Summer is for Managers (Part II)
Everybody wants to talk about great leaders these days. But this management stuff is pretty hard work! Many business-people don’t seriously distinguish between leadership and management, but they should. As Marcus Buckingham says in The One Thing You Need to Know, “Leaders play checkers; managers play chess.” In checkers, every piece moves exactly the same; there’s one leadership message that applies to everyone in the company. In chess, every piece has its own quirky individual moves; management is about how you move and plan for the individual.
Over the past weeks I’ve conducted sales workshops for a dozen digital sales organizations, working closely with leaders and managers to “make it all stick” for their teams. It always comes down to what the managers do; what they commit to and how they hold their sellers accountable. So let’s look at what managers do.
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Managers Break It All Down: When leaders and companies inspire with soaring missions and motivational gems it can actually have an adverse effect on some sellers. “I see where the company is going, but I just don’t see how I can get there.” The good manager sees the delta between grand vision and troubled reality and helps the seller navigate it, piece by piece. Which accounts have the best odds? Where will you spend your time? Who are the right people? The good manager understands that talented sellers often need help building a plan.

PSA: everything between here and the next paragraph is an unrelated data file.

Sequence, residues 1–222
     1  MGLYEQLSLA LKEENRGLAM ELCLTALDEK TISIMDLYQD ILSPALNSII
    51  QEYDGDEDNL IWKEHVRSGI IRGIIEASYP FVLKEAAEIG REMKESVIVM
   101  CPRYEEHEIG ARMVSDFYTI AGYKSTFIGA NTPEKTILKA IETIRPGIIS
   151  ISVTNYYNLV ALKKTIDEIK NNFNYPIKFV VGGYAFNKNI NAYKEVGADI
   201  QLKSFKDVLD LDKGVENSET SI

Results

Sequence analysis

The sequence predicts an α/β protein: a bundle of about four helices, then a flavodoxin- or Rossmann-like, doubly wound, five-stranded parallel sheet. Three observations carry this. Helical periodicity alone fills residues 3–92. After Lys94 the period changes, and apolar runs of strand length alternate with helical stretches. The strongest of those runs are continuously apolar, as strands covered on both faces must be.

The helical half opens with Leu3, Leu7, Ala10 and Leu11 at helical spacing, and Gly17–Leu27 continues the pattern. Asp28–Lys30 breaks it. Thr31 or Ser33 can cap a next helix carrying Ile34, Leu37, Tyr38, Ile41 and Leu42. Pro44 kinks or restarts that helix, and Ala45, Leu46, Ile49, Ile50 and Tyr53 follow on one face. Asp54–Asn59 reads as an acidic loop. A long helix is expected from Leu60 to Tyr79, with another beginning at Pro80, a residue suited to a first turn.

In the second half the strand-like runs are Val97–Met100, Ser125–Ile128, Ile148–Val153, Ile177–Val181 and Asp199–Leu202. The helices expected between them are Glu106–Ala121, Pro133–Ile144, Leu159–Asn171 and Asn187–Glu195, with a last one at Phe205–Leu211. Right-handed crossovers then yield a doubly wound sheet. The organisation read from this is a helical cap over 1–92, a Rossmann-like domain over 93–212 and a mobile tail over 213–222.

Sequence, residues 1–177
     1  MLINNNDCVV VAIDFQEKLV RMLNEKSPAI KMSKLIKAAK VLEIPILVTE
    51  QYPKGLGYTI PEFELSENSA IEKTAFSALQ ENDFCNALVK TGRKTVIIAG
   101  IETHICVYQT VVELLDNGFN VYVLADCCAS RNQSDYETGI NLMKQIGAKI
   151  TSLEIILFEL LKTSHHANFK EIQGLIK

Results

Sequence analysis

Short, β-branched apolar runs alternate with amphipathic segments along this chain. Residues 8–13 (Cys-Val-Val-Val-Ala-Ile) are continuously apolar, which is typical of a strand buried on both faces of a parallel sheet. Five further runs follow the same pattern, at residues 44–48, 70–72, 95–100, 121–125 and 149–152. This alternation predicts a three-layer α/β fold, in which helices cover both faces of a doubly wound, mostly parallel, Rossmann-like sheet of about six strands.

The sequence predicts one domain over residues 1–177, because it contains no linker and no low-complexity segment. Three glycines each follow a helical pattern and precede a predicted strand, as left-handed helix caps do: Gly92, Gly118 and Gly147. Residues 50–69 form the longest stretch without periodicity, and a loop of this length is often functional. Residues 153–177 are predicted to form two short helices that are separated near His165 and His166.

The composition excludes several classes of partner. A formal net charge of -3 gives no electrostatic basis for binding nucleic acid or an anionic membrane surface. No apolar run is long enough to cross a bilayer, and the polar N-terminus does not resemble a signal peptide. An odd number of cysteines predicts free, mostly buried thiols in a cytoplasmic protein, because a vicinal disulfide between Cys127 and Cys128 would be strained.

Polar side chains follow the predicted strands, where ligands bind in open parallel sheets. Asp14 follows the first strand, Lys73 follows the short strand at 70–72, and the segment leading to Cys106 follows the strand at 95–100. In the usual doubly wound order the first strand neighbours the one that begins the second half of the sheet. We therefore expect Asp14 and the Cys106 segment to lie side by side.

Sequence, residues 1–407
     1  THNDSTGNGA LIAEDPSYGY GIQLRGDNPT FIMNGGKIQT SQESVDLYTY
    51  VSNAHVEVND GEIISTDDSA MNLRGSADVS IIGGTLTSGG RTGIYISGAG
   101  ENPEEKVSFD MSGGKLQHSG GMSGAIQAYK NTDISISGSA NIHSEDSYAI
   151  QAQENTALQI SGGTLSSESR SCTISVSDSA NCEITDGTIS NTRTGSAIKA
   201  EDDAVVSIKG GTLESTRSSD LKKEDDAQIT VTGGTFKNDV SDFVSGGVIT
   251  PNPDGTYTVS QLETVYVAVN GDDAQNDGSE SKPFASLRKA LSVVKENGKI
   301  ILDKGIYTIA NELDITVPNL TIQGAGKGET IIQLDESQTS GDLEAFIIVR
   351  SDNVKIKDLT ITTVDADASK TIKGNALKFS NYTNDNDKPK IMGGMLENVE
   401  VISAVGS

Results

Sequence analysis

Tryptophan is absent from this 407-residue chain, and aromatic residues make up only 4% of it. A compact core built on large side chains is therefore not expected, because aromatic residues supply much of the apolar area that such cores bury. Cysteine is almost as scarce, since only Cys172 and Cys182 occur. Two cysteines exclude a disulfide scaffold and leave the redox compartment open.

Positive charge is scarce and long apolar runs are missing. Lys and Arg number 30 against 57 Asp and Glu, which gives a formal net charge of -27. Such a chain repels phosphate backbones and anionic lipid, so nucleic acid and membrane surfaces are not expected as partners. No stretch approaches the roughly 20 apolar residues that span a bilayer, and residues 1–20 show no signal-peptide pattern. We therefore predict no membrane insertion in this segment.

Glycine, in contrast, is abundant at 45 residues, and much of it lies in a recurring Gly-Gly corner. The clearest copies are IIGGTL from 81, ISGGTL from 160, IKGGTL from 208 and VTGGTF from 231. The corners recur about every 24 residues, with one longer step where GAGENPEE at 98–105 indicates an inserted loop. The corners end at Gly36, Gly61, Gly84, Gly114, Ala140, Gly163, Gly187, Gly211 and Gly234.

Managers Keep Track of Actions: In The Heart of the Game, Thomas Boswell points out that great baseball managers never obsess about the final score, which is after all just an outcome. Instead, they obsess about the interim actions and decisions that would have subtly changed the course of the game: the base-running error in the second inning; the missed cutoff man in the sixth; swinging at the first pitch against a tiring starter. They focus on how the game was played, which is ultimately controllable. It’s the same with sales managers. Watch, discuss, correct and reward the behaviors that will lead to sales. If you don’t, you might be cluelessly celebrating hollow victories, lucky breaks.
Managers Remember: It’s not sexy, but truly great managers are the institutional memories of their organizations. They remember what they’ve asked their team members to do and when; they remember the narrative of key deals; they remember the behavioral promises of those they manage. It’s one of the reasons great managers commit to CRM systems and consistent reporting; and it’s the reason why so many instinctive, “lone wolf” sales superstars end up making lousy managers. If you’re a great manager, your organization and process management are what frees your sellers to play a much bigger game for their customers, and for your company.
Once you’ve looked this over, share it with the people on your team. It might be the key to unlocking a productive new relationship with those you manage.